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This article in SSSAJ

  1. Vol. 62 No. 3, p. 736-742
    Received: Mar 17, 1997

    * Corresponding author(s): xu@gpsr.colostate.edu
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Simulating the Impact of Management Practices on Nitrous Oxide Emissions

  1. C. Xu ,
  2. M. J. Shaffer and
  3. M. Al-kaisi
  1. USDA-ARS Great Plains Systems Research, P.O. Box E, 301 S. Howes, Fort Collins, CO 80522
    Dep. of Soil and Crop Sciences, Colorado State Univ., Fort Collins, CO 80523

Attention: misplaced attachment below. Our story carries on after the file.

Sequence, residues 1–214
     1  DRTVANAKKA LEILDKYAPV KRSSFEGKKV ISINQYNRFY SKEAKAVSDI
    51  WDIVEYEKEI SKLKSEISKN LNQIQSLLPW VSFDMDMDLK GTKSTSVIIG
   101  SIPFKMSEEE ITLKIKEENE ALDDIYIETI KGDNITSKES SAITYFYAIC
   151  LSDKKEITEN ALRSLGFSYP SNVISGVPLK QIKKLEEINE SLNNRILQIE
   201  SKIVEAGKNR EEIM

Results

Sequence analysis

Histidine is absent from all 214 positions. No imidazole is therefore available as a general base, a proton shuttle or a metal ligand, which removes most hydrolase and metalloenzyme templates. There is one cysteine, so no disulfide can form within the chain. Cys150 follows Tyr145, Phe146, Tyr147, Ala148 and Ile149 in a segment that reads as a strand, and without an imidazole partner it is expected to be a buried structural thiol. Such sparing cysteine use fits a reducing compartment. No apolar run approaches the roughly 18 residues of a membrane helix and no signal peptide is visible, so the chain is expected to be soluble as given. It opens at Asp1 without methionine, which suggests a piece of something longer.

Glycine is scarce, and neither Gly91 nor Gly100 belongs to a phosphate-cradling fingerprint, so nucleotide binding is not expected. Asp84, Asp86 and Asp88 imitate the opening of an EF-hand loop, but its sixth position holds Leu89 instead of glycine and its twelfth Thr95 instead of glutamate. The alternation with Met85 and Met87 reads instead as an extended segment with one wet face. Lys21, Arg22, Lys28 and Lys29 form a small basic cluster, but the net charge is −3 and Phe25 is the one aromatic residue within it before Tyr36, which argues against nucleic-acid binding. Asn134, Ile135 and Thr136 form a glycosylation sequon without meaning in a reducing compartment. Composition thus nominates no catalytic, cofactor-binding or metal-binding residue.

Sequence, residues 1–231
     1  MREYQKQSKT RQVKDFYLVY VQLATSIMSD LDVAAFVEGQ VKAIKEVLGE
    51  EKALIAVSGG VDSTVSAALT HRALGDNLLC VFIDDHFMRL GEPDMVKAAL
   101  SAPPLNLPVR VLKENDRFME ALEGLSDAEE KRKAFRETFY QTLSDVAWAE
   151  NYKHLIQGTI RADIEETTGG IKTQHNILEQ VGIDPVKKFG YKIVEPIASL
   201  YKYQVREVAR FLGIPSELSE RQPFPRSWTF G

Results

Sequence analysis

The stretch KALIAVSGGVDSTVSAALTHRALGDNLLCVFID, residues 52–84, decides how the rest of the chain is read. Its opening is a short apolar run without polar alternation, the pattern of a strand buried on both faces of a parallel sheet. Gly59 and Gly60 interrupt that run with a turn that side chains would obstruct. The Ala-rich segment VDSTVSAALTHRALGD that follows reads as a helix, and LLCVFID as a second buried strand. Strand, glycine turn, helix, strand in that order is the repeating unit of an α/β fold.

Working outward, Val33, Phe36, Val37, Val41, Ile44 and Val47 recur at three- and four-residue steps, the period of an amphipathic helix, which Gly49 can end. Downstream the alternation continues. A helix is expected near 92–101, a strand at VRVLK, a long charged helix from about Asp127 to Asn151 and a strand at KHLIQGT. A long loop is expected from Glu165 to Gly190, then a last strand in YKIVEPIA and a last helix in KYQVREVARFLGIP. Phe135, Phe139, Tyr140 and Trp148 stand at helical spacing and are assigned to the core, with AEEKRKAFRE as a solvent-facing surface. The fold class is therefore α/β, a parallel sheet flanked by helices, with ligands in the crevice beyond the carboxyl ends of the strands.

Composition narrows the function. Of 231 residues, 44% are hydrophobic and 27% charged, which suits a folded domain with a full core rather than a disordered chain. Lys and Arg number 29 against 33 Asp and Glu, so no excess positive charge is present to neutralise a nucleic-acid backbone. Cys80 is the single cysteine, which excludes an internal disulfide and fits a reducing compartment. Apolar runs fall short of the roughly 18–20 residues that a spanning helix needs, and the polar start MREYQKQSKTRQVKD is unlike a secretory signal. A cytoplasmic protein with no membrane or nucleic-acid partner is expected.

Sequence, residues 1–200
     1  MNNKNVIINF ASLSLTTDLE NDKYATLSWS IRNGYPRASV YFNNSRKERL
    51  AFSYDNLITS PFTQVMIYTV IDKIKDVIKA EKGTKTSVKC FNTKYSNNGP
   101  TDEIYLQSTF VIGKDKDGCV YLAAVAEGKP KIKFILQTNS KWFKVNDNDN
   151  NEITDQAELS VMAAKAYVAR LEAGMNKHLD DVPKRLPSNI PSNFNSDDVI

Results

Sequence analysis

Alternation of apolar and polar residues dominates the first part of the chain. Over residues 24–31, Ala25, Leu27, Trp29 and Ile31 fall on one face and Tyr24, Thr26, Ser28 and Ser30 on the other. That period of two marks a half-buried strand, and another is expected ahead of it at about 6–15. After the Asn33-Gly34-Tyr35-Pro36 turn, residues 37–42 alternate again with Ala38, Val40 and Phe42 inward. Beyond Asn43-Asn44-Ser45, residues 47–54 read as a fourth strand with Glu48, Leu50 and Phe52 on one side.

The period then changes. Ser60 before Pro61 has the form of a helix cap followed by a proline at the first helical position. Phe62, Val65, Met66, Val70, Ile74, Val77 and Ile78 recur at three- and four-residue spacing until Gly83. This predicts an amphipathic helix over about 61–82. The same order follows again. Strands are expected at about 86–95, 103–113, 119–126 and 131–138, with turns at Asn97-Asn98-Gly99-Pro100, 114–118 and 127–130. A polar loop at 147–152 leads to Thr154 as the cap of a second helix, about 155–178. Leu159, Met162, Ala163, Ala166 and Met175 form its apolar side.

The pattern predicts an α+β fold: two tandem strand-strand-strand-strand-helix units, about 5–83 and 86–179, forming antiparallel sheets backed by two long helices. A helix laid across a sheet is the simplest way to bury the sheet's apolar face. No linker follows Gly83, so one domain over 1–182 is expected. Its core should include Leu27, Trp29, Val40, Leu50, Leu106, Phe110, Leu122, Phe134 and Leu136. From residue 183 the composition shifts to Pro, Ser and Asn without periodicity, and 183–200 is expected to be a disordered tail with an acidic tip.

Effective evaluation of alternative management strategies to control global warming requires tools for simulating emissions of N2O from soils across a range of soil properties, weather, and management inputs. We hypothesized that with modification to the nitrification and denitrification submodels of the Nitrate Leaching and Economic Analysis Package (NLEAP) model, we could simulate daily N2O emissions as a function of soil moisture, temperature, N content, and other factors. Field parameterization was conducted on an Ulm clay loam soil (a fine, montmorillonitic, mesic Ustollic Haplargid) and validation experiments for N2O gas emissions were performed on an on-farm swine effluent study site on a Valent sandy soil (a mixed, mesic Ustic Torripsamment). The unitless model parameters reflecting the maximum fraction of selected N transformations emitted as N2O for nitrification (αN), wet-period denitrification (αw), and dry-period denitrifiation (αd) were calibrated as 0.065, 0.050, and 0.520 separately and then used in the validation study. The trends and magnitudes of simulated N2O emissions were statistically consistent with the results obtained from the field experiments (r = 0.78). Experimental results showed that the decline of N2O emission rates from 70 to 2 g N ha−1 d−1 during the growing season was related to soil N content decline from 33 to 4 mg kg−1. Simulated effects of field management on annual N2O emissions indicated that plowing decreased N2O relative to notillage corn (Zea mays L.), irrigation increased N2O 14% relative to dry-land corn, and doubling fertilization N rates from 100 to 200 kg ha−1 increased N2O emissions 60%.

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